PARIS (AP) — At least 1.1 million people took to the streets of Paris and other French cities on Thursday to protest nationwide strikes against plans to raise the retirement age — but President Emmanuel Macron insisted he will push ahead with proposed pension reforms.
Encouraged by the mass demonstration of resistance, French unions announced new strikes and protests. 31, and vowed to try to get the government to back out of the plans Raising the normal retirement age from 62 to 64 years. Macron says the measure – a key pillar of his second term – is necessary to keep the pension system financially sustainable, but unions say it threatens hard-won workers’ rights.
Out of the country for a Franco-Spanish Summit in BarcelonaMacron acknowledged the public dissatisfaction but said that “we need to do this reform” to “save” French pensions.
“We will do it with respect, in a spirit of dialogue, but also with determination and responsibility,” he added.
As Macron spoke, riot police fought back some protesters who threw projectiles on the sidelines of the largely peaceful march in Paris. A few other minor incidents briefly flared up, prompting officers to use tear gas.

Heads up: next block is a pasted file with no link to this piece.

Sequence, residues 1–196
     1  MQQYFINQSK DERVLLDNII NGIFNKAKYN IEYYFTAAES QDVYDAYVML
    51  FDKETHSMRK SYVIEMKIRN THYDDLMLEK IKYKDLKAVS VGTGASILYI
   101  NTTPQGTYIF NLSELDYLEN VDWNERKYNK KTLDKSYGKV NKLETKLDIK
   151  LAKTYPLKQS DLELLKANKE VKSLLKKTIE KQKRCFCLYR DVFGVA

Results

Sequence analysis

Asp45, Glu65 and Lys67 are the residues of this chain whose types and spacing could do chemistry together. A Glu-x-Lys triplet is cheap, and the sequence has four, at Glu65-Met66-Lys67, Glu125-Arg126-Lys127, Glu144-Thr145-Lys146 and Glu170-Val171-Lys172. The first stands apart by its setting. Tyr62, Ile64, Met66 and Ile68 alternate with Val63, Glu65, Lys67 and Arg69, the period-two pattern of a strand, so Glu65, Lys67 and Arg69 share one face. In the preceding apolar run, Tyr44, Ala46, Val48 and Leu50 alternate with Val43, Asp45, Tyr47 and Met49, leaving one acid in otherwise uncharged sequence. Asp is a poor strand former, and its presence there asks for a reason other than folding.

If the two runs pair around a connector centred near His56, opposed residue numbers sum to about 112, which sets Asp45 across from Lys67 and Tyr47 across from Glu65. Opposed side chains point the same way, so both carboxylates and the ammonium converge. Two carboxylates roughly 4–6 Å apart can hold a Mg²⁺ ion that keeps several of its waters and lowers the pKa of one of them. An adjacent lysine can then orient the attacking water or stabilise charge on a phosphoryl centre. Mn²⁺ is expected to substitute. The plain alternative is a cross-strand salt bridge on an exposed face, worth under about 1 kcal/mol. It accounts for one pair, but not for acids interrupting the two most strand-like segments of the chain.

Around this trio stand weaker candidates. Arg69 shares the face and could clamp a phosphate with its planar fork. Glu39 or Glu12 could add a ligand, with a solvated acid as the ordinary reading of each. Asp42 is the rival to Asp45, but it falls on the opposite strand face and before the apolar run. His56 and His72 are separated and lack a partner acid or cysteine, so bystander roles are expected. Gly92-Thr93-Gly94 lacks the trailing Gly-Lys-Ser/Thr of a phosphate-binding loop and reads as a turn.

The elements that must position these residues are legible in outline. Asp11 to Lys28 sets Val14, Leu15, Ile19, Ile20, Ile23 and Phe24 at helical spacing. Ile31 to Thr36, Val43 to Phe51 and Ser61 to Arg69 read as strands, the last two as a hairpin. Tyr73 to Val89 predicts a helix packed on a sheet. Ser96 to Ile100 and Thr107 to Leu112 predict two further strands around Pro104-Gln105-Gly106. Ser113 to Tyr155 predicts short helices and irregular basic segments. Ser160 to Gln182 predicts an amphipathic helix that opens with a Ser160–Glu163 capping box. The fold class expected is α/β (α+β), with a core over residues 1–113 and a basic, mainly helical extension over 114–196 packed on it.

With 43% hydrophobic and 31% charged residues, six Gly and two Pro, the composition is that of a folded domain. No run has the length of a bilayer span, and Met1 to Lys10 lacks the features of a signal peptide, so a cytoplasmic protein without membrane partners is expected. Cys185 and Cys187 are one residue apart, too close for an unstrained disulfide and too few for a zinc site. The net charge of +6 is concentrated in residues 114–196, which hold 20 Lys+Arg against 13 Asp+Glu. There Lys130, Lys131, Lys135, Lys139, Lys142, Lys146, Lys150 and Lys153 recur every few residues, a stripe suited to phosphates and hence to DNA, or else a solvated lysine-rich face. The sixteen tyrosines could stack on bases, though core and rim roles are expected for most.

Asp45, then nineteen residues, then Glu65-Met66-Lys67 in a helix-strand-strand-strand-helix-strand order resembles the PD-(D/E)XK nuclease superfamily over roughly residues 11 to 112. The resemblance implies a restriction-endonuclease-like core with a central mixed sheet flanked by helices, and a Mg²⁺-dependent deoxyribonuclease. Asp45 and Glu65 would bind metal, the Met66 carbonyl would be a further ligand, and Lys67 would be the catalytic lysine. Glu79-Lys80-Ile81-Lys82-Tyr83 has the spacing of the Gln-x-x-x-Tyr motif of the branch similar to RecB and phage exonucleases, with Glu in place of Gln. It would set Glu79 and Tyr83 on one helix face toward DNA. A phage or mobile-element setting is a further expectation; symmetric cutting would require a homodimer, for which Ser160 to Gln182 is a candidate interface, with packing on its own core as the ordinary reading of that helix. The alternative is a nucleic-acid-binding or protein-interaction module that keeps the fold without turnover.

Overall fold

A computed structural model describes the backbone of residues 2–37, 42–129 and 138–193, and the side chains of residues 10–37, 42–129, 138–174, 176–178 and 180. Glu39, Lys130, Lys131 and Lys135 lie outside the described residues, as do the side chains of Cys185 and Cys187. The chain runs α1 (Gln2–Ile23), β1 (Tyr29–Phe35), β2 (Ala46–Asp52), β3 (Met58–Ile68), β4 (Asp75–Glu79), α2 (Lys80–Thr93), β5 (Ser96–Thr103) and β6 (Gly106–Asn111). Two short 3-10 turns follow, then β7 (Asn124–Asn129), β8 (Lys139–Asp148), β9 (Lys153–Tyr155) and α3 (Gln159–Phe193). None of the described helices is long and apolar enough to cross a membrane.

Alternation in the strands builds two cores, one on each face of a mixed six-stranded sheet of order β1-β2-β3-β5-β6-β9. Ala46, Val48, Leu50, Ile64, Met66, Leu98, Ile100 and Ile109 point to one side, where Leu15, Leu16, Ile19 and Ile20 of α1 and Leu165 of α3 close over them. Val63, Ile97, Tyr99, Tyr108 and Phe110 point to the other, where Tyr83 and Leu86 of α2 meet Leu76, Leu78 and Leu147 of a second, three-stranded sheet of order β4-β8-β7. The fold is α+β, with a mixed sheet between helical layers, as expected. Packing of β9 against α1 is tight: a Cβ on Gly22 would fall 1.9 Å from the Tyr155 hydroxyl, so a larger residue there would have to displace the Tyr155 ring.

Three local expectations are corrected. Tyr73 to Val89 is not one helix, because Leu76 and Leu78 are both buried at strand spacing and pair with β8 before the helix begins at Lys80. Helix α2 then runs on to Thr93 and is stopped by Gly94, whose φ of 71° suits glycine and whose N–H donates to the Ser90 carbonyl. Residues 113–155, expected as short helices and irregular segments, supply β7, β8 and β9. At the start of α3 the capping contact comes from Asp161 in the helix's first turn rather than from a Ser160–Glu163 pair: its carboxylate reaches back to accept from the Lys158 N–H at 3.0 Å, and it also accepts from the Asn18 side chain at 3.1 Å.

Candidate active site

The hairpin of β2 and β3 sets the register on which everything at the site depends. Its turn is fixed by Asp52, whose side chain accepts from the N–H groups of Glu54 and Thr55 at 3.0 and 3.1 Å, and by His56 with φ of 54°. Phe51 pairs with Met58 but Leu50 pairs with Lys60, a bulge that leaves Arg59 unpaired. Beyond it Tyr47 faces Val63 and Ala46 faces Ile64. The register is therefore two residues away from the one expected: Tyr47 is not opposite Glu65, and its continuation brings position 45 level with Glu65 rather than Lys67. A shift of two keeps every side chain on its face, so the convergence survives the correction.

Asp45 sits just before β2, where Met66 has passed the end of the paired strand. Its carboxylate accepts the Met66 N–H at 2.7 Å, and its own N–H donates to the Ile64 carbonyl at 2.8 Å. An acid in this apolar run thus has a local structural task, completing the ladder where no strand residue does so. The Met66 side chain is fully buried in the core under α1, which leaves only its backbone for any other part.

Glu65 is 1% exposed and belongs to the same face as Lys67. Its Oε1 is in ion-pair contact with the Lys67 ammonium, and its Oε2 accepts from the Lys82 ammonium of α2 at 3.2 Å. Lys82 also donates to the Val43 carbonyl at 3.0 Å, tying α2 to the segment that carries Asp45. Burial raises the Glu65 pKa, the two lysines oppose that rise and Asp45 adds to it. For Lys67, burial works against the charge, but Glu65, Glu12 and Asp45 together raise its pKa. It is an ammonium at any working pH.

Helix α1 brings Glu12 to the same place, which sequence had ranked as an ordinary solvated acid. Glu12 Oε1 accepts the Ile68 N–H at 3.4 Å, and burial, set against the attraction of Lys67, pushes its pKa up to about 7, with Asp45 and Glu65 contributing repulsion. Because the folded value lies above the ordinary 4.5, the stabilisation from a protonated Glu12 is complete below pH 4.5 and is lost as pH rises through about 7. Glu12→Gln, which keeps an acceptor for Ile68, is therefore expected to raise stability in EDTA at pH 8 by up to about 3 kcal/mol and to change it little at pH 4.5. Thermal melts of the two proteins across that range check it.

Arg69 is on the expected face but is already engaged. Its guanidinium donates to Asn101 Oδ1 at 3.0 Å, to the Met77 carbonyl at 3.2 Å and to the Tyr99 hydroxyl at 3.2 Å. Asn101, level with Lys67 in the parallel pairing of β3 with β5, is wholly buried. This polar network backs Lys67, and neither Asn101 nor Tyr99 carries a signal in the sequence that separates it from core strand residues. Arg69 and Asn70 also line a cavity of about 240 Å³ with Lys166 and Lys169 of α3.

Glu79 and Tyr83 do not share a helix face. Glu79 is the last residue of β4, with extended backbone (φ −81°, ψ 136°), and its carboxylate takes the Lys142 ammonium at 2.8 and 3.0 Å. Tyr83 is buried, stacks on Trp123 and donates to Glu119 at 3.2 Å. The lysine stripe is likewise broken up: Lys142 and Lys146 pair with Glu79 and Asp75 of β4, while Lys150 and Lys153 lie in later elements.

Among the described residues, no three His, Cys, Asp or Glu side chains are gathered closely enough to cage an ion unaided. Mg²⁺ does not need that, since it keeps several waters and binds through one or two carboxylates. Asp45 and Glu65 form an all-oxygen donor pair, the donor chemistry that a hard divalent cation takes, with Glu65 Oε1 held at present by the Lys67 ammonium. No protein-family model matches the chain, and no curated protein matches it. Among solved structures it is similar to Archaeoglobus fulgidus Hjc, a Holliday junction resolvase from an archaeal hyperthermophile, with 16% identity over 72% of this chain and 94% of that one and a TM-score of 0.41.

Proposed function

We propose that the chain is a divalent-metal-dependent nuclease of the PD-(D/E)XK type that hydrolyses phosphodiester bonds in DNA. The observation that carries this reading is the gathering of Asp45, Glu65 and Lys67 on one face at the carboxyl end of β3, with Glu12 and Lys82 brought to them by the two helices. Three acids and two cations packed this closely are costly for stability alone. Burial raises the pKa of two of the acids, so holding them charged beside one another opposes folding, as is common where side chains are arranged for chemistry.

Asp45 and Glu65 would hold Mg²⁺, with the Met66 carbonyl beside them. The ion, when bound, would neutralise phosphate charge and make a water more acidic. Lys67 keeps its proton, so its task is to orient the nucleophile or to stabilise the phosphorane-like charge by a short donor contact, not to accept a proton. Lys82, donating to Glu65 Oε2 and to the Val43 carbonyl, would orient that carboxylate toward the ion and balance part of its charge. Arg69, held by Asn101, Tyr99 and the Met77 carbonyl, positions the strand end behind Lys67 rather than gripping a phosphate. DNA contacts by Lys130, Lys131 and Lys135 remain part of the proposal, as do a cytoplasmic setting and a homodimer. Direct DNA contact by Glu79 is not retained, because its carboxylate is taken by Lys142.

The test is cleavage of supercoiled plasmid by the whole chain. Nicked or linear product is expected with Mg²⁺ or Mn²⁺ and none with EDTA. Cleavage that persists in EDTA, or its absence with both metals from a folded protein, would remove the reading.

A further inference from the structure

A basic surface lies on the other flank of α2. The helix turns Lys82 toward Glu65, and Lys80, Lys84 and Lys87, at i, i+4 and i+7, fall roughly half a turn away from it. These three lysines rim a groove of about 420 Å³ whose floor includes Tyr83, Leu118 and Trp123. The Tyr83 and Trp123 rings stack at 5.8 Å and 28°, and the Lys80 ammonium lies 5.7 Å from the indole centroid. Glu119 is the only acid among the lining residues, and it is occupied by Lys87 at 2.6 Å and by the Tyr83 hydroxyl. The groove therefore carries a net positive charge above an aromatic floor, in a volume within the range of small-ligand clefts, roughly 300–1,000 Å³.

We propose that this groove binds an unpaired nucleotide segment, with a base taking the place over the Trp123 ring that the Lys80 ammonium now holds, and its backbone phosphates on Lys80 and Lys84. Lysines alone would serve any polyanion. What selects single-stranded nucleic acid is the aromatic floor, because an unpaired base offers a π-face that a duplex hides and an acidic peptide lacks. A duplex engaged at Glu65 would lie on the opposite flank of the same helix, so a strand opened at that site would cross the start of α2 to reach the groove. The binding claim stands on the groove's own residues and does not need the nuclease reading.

Paris police said 38 people were arrested as crowds thronged the streets of the capital despite freezing rain. The crowd was so large that it took them hours to reach their destination. Retirees and students joined the mixed crowd, united in their fear and anger at the reform.
In a country with a aging population and increasing life expectancy where everyone receives a state pension, Macron’s government says reform is the only way to keep the system solvent.
The unions propose instead a tax on the wealthy or more wage contributions from employers to fund the pension system.